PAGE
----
A University of Texas Medical Branch researcher is part of an international team responsible for developing an effective and safe vaccine that protects against the deadly Middle East respiratory syndrome or MERS.
The findings of Dr. Chien-Te “Kent” Tseng, senior author of the vaccine study, were published recently in The Journal of Infectious Diseases. Tseng, who has been at the medical branch for more than 25 years, is a professor of microbiology and immunology in the Center for Biodefense and Emerging Infectious Diseases.
In the United States, MERS is best known as a deadly respiratory virus that can be contracted in hospitals through human-to-human contact. It is fatal more than 30 percent of the time, health officials said.
“We found that most vaccines developed by universities or private industry to protect against MERS are effective in preventing disease but enhance lung pathology,” Tseng said.
MERS is a cousin to Severe Acute respiratory syndrome or SARS, which in 2003 became the first global pandemic of the 21st century caused by an emerging virus. Both syndromes are caused by coronaviruses associated with the common cold and are rare but highly contagious. They can be spread through particles in the air by inhaling and exhaling.
“MERS is not as contagious as SARS, but the mortality rate of SARS is 10 percent; for MERS it’s 35 percent,” Tseng said.
The primary target of MERS is the lung, and infection can be fatal once the lung is affected and the virus spreads to other organ tissue, he said.
Unknown to most of the general public is that MERS transmission to humans traces back to camels, especially in the Middle East. Tseng’s international team included researchers from a university and a medical research center in Saudi Arabia as well as doctors from Canada.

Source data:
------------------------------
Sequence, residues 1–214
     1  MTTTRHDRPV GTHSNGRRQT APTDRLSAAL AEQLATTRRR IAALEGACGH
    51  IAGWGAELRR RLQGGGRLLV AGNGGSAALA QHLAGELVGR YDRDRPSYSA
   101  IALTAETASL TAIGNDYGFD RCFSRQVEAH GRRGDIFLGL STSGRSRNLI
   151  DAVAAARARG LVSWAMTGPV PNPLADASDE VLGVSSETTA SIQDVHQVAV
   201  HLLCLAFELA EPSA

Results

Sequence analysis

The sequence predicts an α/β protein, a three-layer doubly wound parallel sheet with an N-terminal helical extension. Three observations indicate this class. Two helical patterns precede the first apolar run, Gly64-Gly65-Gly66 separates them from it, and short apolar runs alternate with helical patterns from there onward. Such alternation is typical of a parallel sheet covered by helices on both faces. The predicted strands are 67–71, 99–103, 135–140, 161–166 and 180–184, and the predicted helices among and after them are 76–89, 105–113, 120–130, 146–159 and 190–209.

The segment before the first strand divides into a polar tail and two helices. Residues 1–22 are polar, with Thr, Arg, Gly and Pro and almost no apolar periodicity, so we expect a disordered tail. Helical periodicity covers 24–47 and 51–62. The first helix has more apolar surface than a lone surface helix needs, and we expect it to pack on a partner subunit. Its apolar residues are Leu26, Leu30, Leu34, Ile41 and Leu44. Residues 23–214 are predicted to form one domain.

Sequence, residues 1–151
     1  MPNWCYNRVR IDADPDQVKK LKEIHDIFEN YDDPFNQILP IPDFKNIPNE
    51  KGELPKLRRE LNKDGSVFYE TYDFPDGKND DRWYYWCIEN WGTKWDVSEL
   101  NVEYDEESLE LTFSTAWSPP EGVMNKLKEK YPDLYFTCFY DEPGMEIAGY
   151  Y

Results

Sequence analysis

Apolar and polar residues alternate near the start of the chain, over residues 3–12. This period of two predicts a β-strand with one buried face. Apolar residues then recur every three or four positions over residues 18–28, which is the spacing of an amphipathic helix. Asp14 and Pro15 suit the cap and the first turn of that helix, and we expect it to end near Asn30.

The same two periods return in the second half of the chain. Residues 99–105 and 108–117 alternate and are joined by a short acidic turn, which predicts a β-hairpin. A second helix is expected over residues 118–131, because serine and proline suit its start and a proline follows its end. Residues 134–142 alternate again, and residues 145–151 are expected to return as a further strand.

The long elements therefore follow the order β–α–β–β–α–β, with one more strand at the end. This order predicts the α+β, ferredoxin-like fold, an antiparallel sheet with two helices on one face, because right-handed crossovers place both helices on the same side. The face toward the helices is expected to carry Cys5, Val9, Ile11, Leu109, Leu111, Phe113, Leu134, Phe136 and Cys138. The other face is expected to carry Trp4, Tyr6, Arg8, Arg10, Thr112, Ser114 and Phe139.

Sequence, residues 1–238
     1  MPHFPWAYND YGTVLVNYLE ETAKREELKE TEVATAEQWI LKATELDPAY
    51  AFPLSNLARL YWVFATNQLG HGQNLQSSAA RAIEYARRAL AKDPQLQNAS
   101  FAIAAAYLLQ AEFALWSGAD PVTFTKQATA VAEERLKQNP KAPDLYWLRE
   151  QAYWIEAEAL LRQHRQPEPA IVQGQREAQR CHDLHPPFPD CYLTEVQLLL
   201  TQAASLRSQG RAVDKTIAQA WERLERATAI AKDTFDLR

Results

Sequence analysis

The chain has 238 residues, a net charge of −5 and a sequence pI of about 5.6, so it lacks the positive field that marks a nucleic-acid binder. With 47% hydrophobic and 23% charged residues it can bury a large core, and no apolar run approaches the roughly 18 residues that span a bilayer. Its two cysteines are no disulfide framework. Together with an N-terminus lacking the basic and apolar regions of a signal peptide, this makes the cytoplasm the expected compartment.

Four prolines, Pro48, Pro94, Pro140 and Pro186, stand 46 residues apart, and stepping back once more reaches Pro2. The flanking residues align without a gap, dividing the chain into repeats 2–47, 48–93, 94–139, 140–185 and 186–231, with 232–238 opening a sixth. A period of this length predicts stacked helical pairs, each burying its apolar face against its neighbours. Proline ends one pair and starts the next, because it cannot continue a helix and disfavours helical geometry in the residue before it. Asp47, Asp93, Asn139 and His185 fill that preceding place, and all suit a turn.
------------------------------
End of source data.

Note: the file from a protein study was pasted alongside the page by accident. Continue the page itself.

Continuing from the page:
“Ranching camels is a big industry in Saudi Arabia,” Tseng said.
Lots of studies have been done to control the infection in camels that exhibit only mild symptoms — usually just a runny nose. But in humans, it’s a different story with the possibility of severe lung damage or death resulting from infection.
Saudi researchers are being trained on the ground, and all the primary investigation took place at the medical branch in Galveston through the Center for Biodefense and Emerging Infectious Diseases, Tseng said.
“In Saudi, when the virus emerged and people were struggling trying to understand the pathogenesis of the disease, they had very little information about the human side,” Tseng said. “We developed mice with receptors for the virus to mimic human infection — we were the first group to do that — and were invited to attend a meeting organized by the World Health Organization. From there, we established this collaboration.”
To move forward and develop human trials, Tseng and his team are trying to secure additional funding from the Saudi government, he said. Once the vaccine is fully developed, it could be used to protect health care workers who come into contact with the virus and are at risk of spreading it, and to protect camel ranchers in the Middle East.
MERS research often has posed serious safety concerns associated with the family of viruses MERS and SARS belong to, Tseng said. His study set out to use a different vaccine platform that was safer yet still effective, introducing two different versions of a potential vaccine to mice, one that protected the mice against clinical signs of disease and death, and the other that was unable to stop the virus from causing lung damage.
“I’m not saying this is the only effective vaccine, but I want you to know that it will be a safer vaccine,” Tseng said.
“I feel humbled to have been part of this project.”